By Debora McLaughlin
The Renegade Leader: 9 Success Strategies Driven Leaders Use to Ignite People, Performance, and Profits
For women in business, the numbers are notable:
- A record number of women are Fortune 500 CEOs.
- Women are launching businesses at 1.5 times the national average.
- There are now 8.2 million American women running their own companies.
Surprised? Here’s more good news: From 1997 to 2011, the number of U.S. women-owned businesses increased by 50 percent. And in 2011, the median compensation for female CEOs was 13 percent more than for male CEOs, according to NerdWallet Financial Markets.
According to the nonprofit organization Catalyst, as of Jan. 1, 21 women were running Fortune 500 companies, including IBM and PepsiCo, That’s up from seven in 2002-2003. Among the Fortune 1000 companies, there are now twice as many, including the CEOs of Neiman Marcus Group, Cracker Barrel, and Dun & Bradstreet.
Nonetheless, business women still face hurdles.
Keep in mind, while 21 are Fortune 500 CEOs—a record high—that’s only 4.25 percent of the total, and the figures hold for Fortune 1000 companies—less than 5 percent of them have a female at the helm.
A recipient of the 2012-2013 Women of the Year award presented by the National Association of Professional Women, I make it my job to analyze the financial trends. While women are launching more businesses, they still have a steeper climb than you might expect; studies show that women-owned companies are less likely to hit the $1 million mark than companies owned my men, and are more likely to fail.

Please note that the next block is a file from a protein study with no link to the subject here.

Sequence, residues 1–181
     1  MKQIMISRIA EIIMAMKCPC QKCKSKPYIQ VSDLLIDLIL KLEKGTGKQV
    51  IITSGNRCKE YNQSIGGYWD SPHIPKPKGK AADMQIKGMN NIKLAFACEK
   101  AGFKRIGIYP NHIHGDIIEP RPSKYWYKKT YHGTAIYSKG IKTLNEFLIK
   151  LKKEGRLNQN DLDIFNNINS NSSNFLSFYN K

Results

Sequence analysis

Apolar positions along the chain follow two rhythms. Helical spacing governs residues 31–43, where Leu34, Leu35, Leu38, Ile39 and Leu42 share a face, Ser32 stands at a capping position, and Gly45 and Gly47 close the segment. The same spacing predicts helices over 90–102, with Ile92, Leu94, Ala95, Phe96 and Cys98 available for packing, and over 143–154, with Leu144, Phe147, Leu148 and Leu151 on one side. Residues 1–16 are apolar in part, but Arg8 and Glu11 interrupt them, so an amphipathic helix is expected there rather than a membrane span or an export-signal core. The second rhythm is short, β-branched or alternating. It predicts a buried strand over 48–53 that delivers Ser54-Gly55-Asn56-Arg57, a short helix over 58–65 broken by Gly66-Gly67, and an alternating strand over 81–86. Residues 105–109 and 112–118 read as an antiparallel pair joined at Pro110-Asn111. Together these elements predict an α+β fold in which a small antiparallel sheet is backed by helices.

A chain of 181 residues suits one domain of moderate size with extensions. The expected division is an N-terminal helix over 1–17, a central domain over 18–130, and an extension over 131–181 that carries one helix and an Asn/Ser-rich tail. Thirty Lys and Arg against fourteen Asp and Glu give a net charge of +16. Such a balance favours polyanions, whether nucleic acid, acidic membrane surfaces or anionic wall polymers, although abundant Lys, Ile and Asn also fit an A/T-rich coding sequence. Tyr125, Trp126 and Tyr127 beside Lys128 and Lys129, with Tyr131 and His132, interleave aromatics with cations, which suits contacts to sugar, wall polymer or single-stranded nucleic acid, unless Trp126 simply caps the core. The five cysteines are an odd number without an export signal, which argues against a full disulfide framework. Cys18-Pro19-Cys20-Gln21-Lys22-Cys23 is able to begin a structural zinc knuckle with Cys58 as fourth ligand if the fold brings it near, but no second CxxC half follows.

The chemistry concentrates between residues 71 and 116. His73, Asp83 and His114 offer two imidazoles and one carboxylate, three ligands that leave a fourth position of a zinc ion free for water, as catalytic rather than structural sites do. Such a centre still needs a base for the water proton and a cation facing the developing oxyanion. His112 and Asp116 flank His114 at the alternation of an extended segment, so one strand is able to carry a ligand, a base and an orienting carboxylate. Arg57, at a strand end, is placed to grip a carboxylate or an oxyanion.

To claim, own, and keep the keys to the corner office, women executives need to be seen and heard, and they have to lead with greater influence and impact.
Consider these three key tips:
1. Develop your personal brand. Let people get to know you, and your core story of experiences and how they relate to your drive and vision. Use transparent communication to share your story. People make better connections with people who tell a great story, and they’re most interested in the story behind the person at the top. Transparency encourages greater communication, team building, and leadership.
2. Develop and use your personal network. Find a mentor and be a mentor; seek out other women at your level; and accept the strength, ideas, and energy that your connections have to offer. It is no longer necessary to blaze trails alone, and women have more power than some may realize. According to a Dow Jones report, startups with five or more female executives have a 61 percent success rate. The report also says that odds of success “increase with more female executives at the VP and director levels.”
3. Stand for something; position yourself as a strong thought leader. It’s not easy being at the top. Women tend to distrust powerful women, and men may view women as weak or too collaborative and sensitive. Take a firm stand on something you care about deeply and rally the organization around that objective. You will gain the respect of your peers, customers, and stakeholders.
As the numbers clearly demonstrate, business is changing. Women account for 73 percent to 85 percent of consumer decisions in the United States, which gives female CEOs yet another advantage—insight into their customers’ values.
About Debora McLaughlin
Debora McLaughlin is the bestselling author of The Renegade Leader: 9 Success Strategies Driven Leaders Use to Ignite People, Performance, and Profits, and the forthcoming book, “A League of Her Own.” The CEO of The Renegade Leader Coaching and Consulting Group, McLaughlin combines her experience as certified executive coach and as a top sales performer in New York City and Boston to help CEOs, business leaders, and organizations achieve accelerated results.
For more information about McLaughlin’s book, click here.